Friday, August 13, 2010

Les désaxés.

Dazed and Confused, magazine dishing out both thought-provoking and artistic fashion editorials, is a publication I highly anticipate every month - I always look forward to seeing what concepts the fashion editors came up with. Lensed by Max Farago, Lakshmi Menon, Amanda Norgaard and Yuri Pleskun appear through the pages of that jam-packed September Issue (in which you can also come across a bunch of new rising stars such as Julia Nobis, Caroline Brasch Nielsen or Emily Wake, my personal favorites) in a black and white, youthful, easy on the eye story.

I adore this set of photographs for it sends me back to another era. An era when as a teenager, simple, harmless acts were enough to feel like catching a glimpse of freedom ; an era when you hadn't to dumb yourself down, to embrace a decadent way of life, to reject your inner self in order to melt into the crowd. The portrait of Amanda caught off guard while laughing, exuding spontaneity, therefore takes on new significance as it seems to rise up against nowadays' be-what-you-are-not diktat. In the light of the title of the editorial, I daresay my interpretation isn't too far-fetched. Bande à Part. Three drop-outs who stick together against the reigning shallowness.

I thoroughly enjoyed getting lost into the narrative, letting my imagination fire up picture after picture. This editorial, though hidden behind the mask of simplicity, has something to say, and this is the umpteenth proof that fashion doesn't necessarily come down to showcasing clothes on a runway or in magazines, and selling a particular way of life through those clothes. Fashion can be used as a platform to emphasize life's concerns, to open up our minds, to call upon us to take a good look at the mirror. Isn't it, as well, the primary use of art?


iara said...

I really like your blog...Specially what you write.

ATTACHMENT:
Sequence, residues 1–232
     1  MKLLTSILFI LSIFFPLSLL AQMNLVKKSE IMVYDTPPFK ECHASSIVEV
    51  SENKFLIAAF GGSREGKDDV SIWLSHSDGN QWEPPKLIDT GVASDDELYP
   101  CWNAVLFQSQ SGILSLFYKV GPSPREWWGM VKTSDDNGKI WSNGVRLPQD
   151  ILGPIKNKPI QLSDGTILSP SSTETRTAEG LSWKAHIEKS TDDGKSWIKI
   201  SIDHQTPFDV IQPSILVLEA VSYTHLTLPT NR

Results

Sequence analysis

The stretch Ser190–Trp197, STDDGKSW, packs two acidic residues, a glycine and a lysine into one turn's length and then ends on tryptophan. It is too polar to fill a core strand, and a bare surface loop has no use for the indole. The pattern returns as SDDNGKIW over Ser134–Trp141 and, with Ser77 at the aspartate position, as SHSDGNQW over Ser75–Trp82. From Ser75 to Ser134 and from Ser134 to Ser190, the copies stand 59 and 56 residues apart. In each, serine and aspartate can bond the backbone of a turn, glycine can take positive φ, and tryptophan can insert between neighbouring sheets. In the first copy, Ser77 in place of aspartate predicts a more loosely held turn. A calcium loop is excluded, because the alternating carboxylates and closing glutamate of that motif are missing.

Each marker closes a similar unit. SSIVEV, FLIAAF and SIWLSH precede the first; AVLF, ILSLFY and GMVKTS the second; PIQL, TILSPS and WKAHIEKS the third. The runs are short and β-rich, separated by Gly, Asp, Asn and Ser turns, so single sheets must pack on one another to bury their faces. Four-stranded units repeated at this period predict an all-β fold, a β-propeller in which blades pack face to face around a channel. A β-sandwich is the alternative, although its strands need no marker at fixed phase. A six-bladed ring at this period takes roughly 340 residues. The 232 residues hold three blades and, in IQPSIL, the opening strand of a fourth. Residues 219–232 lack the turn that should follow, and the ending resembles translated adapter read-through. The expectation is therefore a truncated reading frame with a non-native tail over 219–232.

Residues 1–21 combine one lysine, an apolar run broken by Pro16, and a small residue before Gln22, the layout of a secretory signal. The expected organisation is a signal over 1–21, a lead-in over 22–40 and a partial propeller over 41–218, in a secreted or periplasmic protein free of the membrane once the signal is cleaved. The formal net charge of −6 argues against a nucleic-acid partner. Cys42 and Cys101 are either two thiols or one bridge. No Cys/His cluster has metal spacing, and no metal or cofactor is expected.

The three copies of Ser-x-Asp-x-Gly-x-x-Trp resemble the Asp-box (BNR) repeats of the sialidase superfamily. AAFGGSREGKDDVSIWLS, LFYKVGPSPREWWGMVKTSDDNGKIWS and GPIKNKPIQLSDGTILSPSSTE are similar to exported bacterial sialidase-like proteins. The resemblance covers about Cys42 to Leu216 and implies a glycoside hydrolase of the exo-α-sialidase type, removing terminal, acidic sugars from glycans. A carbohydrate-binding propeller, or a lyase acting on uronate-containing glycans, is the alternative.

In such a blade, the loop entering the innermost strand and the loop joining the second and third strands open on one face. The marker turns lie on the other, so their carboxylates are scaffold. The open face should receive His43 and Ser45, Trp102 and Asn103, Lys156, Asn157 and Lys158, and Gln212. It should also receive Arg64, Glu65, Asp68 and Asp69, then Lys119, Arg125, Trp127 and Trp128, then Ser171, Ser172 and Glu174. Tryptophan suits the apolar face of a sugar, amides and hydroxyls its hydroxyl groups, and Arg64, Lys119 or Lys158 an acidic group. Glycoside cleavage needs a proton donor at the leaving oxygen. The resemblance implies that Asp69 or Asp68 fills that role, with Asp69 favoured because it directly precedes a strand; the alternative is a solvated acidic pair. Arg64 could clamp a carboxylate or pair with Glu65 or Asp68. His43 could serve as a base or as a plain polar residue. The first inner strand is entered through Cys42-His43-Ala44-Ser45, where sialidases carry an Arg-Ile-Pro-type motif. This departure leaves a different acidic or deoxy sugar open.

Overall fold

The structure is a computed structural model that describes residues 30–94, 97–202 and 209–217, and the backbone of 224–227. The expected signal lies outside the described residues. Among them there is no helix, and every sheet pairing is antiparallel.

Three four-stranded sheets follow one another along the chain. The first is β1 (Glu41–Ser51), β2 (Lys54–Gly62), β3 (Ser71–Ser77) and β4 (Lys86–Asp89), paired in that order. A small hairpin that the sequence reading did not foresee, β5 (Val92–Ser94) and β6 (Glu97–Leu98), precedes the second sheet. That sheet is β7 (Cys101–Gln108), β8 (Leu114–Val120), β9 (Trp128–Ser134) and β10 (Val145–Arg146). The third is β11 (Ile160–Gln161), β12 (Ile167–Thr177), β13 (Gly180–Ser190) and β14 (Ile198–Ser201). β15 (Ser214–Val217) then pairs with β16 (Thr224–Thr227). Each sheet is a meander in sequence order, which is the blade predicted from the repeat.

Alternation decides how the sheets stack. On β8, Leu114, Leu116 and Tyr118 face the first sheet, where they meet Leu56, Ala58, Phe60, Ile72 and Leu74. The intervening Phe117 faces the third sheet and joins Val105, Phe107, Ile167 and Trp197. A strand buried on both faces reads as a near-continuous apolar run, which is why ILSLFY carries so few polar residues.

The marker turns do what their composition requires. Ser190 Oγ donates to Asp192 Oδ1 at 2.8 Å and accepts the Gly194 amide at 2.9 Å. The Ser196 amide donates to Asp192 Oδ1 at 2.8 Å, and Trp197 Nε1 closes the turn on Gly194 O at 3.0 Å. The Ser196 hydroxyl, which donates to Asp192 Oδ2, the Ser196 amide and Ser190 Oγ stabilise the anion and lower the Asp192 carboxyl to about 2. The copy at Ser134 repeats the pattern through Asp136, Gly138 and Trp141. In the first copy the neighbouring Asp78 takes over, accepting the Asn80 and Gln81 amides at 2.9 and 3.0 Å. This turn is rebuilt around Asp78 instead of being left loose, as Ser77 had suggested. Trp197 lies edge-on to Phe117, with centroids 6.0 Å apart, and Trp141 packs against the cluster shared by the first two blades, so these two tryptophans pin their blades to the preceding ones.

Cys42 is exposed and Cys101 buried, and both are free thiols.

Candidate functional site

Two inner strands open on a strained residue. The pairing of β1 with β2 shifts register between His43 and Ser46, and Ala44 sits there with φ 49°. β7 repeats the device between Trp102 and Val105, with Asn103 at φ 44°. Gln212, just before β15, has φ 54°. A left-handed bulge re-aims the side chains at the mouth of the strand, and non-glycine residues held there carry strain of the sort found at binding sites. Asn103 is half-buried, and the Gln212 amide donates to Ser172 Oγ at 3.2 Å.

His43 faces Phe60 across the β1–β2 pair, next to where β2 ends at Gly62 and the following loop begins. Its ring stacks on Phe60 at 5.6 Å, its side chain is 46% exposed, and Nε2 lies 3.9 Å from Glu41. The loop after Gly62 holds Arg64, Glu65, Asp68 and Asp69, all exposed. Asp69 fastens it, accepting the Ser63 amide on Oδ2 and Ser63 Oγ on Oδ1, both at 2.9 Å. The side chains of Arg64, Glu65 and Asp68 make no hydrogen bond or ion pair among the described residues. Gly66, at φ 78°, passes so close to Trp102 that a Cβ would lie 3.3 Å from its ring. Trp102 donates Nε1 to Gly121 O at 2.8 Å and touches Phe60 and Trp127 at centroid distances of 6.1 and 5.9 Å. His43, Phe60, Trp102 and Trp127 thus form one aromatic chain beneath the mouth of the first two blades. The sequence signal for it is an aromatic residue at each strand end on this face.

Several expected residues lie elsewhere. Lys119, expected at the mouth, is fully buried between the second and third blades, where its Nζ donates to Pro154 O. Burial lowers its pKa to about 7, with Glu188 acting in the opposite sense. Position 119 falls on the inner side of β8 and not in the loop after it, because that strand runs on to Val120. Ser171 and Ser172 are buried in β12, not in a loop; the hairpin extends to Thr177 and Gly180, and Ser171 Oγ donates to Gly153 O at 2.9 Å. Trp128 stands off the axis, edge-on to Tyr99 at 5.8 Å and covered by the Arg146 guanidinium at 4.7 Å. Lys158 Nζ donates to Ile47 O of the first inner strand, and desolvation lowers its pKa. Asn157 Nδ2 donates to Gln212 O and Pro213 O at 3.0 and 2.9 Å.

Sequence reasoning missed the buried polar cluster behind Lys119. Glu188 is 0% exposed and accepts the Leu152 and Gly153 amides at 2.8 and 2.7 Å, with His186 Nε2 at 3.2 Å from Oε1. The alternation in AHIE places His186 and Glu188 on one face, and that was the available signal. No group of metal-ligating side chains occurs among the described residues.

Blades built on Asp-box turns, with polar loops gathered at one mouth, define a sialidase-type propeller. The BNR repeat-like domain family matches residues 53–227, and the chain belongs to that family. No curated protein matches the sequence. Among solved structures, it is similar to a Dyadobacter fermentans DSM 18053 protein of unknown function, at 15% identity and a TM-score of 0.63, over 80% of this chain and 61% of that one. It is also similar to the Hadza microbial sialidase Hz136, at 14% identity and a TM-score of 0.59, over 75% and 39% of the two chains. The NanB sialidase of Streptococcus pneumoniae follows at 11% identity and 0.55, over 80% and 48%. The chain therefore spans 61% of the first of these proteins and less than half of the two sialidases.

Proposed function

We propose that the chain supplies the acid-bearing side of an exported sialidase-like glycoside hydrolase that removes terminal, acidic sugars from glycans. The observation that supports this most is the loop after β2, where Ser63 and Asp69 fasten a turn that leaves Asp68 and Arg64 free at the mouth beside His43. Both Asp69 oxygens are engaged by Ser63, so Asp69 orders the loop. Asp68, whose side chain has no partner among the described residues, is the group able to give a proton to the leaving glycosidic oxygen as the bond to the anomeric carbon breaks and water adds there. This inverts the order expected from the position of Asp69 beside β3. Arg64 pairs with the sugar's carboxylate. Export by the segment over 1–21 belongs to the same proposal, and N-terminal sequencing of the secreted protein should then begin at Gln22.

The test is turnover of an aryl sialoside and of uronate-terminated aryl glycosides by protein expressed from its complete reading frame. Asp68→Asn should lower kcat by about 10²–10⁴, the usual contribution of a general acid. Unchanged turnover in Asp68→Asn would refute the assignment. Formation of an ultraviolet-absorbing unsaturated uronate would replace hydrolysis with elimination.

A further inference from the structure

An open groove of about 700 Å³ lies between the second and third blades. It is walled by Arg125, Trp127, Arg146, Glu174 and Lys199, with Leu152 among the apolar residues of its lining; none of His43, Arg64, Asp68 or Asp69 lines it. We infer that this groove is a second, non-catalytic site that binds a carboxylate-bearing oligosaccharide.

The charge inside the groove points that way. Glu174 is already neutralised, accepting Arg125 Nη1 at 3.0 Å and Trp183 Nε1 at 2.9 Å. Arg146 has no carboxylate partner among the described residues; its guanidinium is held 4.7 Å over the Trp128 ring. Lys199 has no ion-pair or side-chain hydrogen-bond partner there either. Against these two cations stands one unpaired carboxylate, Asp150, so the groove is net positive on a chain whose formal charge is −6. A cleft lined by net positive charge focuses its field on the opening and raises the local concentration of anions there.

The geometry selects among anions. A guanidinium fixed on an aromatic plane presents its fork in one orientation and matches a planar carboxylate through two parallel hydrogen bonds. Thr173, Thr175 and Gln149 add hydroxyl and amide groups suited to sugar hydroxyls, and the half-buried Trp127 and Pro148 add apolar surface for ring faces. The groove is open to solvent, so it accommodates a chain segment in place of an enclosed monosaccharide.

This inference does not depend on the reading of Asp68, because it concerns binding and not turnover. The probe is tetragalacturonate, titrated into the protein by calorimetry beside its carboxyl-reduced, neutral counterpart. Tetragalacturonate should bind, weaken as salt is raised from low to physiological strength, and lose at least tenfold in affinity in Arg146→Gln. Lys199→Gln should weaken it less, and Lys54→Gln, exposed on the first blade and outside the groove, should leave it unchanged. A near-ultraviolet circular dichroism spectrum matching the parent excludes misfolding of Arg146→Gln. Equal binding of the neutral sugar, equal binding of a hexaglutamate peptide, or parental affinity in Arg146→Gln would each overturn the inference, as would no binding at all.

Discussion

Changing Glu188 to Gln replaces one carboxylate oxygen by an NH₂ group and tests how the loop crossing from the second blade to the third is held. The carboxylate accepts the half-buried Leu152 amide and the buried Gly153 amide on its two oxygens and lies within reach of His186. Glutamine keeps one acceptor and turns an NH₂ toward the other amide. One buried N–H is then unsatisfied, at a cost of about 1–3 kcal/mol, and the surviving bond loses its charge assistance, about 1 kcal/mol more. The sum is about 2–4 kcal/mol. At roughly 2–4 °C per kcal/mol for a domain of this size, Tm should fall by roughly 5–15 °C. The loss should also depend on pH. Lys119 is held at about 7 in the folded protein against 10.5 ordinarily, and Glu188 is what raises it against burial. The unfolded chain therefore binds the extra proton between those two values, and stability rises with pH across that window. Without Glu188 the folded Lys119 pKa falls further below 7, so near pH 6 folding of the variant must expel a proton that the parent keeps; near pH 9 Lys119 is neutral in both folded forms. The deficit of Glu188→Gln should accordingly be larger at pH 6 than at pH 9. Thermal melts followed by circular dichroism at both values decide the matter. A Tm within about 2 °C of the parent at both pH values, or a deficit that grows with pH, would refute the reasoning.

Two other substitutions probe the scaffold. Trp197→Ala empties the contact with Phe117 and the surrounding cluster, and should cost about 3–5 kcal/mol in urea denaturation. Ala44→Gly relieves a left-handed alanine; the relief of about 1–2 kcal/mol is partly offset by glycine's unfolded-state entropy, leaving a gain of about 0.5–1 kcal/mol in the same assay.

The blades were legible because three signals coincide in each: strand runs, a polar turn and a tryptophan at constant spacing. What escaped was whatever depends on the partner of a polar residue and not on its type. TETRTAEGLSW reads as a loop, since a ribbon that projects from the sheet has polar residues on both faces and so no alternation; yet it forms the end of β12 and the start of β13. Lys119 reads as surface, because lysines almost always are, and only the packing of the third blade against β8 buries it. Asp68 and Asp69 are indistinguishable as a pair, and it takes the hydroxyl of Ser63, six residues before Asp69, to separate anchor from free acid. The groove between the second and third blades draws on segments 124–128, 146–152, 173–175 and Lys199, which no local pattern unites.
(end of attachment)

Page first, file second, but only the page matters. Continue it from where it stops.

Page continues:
I'm just starting one, and i would love to follow you. xxx

Anonymous said...

I agree! Like a younger version of theimagist.

iara said...

You're welcome! I love Serge songs too...He's almost the only singer I listen to.
Try this: Aux Armes & Caetera


iara said...

(I don't know if I have to post on my blog or in yours my answer! I'm so new!)

I think that the production looks a bit poor...I loved the little black dresses and the swimmsuits, but not so much the rest of it.

Carla-A said...

@ Anonymous

Thanks a lot for the support :-) Though I can hardly believe my blog is nearly as worthwhile as The Imagist.

Le Mort Joyeux said...

The ambiance does remind me of the "Czech Mate" ed by Michael Thompson in its depiction of youth, filled to the brim with enthusiasm not yet spent and porcelain skin a stranger unto grief.

And by borrowing the functional element of graphic novel, the gap in narrative works wonder on the mind isn't it? Comic artists often endure the indignity of having to mingle with pornographers and children's book authors in the bottom rung of the artistic hierarchy, and it seems that fashion photographers are viewed with similar disdain by mainstream society. Yet ed such as this one or many of Meisel's eds in Vogue Italia or Roversi's proved otherwise.

Another aspect that intrigues me is the lack of self-awareness in the models as if the era of public validation and visibility by means of social networking sites is still miles away from shore. The inference is less about bereavement for a begone era but more as a nostalgia for a vanishing present. But then again, there were probably people in the Bible lamenting for "kids these days" also.

And thanks for your message on tumblr. Don't know if you ever did receive my reply since tumblr been having loads of technical difficulties lately.

Carla-A said...

@ Le Mort Joyeux No I haven't received it, but if you don't mind reposting it I'll gladly read it!

Le Mort Joyeux said...

Hello again, is there a send a message or ask button on your tumblr? Sorry... I'm a complete village idiot when it comes to technology.

Carla-A said...

It's okay! Follow that link :

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